Fewer holidays taken by Britons
Britons took fewer holidays this year - but young people bucked the trend by taking an increasing number of breaks.
On average, Britons took 3.5 holidays in the 12 months to September 2012, compared with 3.82 in the 12 months to September 2011.
But the number of breaks taken by those aged 15-24 rose from 3.7 in 2011 to 4.7 in 2012, according to a survey of 2,008 adults by travel organisation Abta.
The overall split of holidays taken in 2012 showed 2.11 were taken in the UK and 1.4 overseas. Although lower than last year, the figure of 3.5 breaks on average was a rise on the 3.2 figure for 2010.
Released at the Abta convention in Antalya, Turkey, the survey also showed that those aged 15-34 were the most likely to take shorter trips abroad of one to three nights, or four to six nights.
While 3% of all holidaymakers went on a stag or hen party in 2012, the figure for 15 to 24-year-olds was 7%.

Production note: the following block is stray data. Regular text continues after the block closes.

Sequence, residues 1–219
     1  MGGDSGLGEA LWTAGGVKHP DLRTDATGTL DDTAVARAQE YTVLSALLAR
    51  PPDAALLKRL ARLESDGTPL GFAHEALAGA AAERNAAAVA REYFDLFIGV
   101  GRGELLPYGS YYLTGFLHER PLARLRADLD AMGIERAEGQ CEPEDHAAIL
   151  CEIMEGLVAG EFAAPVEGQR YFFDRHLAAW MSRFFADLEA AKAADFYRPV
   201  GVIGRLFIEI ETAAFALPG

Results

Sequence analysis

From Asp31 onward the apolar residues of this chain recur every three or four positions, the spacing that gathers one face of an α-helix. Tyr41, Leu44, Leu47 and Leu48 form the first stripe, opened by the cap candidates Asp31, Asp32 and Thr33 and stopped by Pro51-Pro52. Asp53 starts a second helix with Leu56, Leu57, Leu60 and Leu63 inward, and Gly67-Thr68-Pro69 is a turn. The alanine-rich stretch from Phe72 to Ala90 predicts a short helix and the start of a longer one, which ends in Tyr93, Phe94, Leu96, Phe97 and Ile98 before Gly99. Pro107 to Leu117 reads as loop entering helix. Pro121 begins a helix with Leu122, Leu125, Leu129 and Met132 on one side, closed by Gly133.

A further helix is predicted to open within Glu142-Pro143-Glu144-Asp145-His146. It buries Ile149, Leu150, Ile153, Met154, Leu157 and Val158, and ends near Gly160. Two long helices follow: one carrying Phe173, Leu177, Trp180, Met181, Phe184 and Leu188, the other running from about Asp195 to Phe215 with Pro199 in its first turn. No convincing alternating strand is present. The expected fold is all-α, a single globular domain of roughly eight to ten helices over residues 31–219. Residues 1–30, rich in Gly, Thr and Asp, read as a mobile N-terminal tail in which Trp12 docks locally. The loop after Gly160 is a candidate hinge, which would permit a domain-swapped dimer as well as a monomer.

This year, 48% of holidaymakers booked an overseas package compared with 42% in 2011 and only 37% in 2010. Among 35 to 44-year-olds, 51% booked a package in the 12 months to September 2012 compared with only 36% in 2011.
Safe and secure accommodation was the top priority for the holidaymakers surveyed, with financial protection second.
It appears the Olympics had little impact on booking habits, with only 4% changing the time they booked a trip due to the Games.
Abta chief executive Mark Tanzer said: "The younger generation are clearly determined to make the most of their freedom and opportunities for travel whatever the economic climate. The research suggests they like to go away frequently and for shorter amounts of time than older age groups, which represents a great opportunity for travel companies to tap into this trend."